The son also had to start at the very bottom
Before Raffael took over his father's company, he completed his apprenticeship outside the family business. At the age of 23, he finally started as a service technician at Schmid Fenster and passed through various positions. «It was clear to me that my son also had to start at the bottom», Sepp says. «It's the only way to get to know the trade and the business from the ground up.» For Raffael, it was also not certain that he would take over his parents' business. There were other professions he could have considered. What he didn't have in mind, though, was to stay in a carpenter's workshop. «I wanted to combine craftsmanship with creativity. This offered me a unique opportunity, for which I am very grateful», says Raffael. He never felt any pressure, but his connection to the company certainly influenced his decision.
«There were times when I could have thrown it all away»
Father and son ran the craft production house together. Their working relationship was not always harmonious. Successful cooperation requires open dialog, as well a healthy culture of conflict and failure. Raffael remembers: «At times I could have thrown it all away. It's not easy starting off in your parent's business. I was watched like a hawk.» After all, the father wanted to pass on his life's work with a good feeling and be absolutely sure that he was doing the right thing: Does the son have what it takes to lead the company into the future? And above all: Does he embody the company values? Sepp smiles: «Early on, I gave Raffael responsibility to help him get to grips with the company. Of course, I also put him to the test, for I knew his youthful bravado.» When it was clear to both that an internal family succession would work, Sepp was able to let go. Today he finds that Raffael is the better boss – he has more courage when it comes to change.
The ideal time for a handover
Determining the right time to hand over a family business is not easy. But Patron Sepp had concrete ideas for this: If possible, he didn't want to hand over the business until he was 65. He began with the actual planning of his succession at the age of 60, which is rather late. Experts advise beginning succession planning as early as possible, but this is not true for everyone. For Sepp and Raffael, the handover was not very spectacular. The father studied the relevant literature, while the son attended seminars, before both finally consulted with their trustee, banker and tax expert. «The regional banks knew the company. This made a lot of things easier», Raffael adds. When handing over a family business, there is always the issue of treating all offspring equally. «The most demanding aspect was communication within the family», stresses Sepp. «It's very important to trust your gut when making the handover.»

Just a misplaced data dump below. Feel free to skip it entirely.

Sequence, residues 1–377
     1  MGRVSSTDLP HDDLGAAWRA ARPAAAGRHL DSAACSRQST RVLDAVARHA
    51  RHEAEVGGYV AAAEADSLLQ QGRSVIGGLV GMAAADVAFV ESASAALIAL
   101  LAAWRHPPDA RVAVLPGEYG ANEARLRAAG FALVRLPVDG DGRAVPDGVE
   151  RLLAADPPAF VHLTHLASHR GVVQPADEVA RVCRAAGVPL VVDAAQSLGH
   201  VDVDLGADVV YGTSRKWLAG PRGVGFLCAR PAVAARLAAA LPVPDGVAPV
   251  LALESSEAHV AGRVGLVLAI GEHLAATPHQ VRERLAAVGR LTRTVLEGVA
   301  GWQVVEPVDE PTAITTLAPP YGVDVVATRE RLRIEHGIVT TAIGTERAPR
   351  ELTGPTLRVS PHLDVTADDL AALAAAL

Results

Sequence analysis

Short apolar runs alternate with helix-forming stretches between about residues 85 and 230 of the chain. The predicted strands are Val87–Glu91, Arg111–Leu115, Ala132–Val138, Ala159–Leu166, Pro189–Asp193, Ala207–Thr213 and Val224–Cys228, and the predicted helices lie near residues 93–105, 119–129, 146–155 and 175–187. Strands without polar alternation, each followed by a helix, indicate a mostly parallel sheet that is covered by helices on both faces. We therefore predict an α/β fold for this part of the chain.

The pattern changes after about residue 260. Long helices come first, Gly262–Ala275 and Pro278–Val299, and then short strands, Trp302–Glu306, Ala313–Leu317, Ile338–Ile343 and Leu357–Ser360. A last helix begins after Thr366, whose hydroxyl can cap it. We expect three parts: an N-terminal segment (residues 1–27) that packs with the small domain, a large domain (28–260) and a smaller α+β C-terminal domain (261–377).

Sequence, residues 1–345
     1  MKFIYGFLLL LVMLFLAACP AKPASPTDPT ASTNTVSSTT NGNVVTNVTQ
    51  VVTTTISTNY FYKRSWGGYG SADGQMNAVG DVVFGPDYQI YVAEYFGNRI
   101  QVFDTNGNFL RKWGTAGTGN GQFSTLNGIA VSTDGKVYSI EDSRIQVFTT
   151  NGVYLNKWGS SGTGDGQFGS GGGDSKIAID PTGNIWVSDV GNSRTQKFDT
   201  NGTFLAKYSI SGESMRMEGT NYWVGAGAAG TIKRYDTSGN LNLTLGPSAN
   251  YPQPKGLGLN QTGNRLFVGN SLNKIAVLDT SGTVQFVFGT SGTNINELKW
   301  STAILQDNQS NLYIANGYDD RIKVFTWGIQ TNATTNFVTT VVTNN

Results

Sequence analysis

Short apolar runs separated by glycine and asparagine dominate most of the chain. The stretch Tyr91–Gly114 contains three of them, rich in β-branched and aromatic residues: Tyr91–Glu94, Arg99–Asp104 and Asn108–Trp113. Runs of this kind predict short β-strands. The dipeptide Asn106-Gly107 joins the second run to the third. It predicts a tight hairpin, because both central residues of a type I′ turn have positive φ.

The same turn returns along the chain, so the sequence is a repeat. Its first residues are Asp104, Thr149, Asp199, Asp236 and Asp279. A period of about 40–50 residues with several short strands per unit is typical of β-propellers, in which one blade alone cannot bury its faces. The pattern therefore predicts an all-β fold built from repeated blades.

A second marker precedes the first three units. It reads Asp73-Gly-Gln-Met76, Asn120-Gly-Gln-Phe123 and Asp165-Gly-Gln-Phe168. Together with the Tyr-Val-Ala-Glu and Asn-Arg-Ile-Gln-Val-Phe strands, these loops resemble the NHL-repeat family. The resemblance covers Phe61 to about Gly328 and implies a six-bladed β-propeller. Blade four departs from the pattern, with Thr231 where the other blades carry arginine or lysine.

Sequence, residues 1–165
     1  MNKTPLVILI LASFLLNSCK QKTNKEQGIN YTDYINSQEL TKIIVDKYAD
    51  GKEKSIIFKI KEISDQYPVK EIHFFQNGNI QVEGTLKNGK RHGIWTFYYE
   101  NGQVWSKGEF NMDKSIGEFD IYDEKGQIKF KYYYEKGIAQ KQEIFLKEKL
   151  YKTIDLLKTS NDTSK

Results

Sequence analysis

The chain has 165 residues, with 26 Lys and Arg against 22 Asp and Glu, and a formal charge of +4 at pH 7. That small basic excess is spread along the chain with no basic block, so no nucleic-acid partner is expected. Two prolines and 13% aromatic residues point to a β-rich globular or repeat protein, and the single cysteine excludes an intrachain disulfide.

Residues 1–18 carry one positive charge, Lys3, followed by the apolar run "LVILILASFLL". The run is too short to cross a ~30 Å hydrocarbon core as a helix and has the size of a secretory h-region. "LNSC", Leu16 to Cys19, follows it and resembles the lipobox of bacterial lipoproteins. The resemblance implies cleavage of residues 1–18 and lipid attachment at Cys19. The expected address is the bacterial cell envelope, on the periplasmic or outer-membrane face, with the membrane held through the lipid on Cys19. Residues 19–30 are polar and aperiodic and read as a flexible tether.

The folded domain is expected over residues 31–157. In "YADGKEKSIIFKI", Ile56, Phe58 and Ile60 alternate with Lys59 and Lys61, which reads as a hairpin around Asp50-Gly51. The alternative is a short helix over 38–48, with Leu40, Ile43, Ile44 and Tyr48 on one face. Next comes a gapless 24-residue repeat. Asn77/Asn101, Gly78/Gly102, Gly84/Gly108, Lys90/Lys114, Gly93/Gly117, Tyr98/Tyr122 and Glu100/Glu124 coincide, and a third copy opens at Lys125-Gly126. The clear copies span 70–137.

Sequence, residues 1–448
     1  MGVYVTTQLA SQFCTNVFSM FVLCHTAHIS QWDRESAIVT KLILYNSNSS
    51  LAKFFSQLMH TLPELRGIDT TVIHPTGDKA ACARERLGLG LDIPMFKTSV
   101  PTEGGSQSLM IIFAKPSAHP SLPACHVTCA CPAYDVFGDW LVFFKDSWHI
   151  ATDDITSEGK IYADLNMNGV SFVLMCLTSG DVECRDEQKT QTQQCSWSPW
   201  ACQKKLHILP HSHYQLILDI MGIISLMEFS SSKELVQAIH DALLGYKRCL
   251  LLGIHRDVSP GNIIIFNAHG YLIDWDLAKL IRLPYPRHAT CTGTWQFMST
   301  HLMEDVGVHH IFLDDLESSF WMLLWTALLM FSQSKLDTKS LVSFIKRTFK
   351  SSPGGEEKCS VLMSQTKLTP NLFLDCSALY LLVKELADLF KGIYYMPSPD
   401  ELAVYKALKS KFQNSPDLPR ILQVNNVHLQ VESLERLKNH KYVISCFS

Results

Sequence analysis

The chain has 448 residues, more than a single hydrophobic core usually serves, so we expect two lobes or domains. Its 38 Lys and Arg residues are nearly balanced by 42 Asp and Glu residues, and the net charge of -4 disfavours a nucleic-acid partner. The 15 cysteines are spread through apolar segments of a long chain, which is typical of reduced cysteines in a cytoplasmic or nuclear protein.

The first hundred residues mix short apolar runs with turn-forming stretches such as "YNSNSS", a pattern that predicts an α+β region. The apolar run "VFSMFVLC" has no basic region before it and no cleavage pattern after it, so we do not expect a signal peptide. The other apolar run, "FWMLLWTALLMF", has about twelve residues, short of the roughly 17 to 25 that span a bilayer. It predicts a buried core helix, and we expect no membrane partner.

There's no such thing as «can't do»
The first year after the handover was less successful than expected. The handover process had required more resources than previously thought. «For me personally, this was an enormous burden and at the same time frustrating», Raffael remembers. The young boss had invested in the machinery and vehicle fleet right from the start. He had to replace employees due to age. This was also an ideal opportunity to review the occupational retirement provision solution together with his pension expert and adapt it to the new structures. In sticking to the motto «there's no such thing as can't do», Raffael increasingly accepted orders from other regions as well. And these efforts paid off: After a demanding first year, the company began to grow further. In January 2019, about five years after the handover, Raffael ultimately changed the company's legal form. Today, Schmid Fenster Manufaktur is an incorporated company. Some things have changed, but Sepp, now 70, still works in the company on a daily basis. He devotes himself to his great passion – restoration – taking on special assignments and still cultivating his customer contacts. If there's an emergency, he'll jump in. Raffael can count on his father. When asked how long he wants to continue working, Sepp grins mischievously: «Actually, I could wind things down slowly.» Letting go isn't a problem. Because Sepp knows that the craft production house is in the best of hands.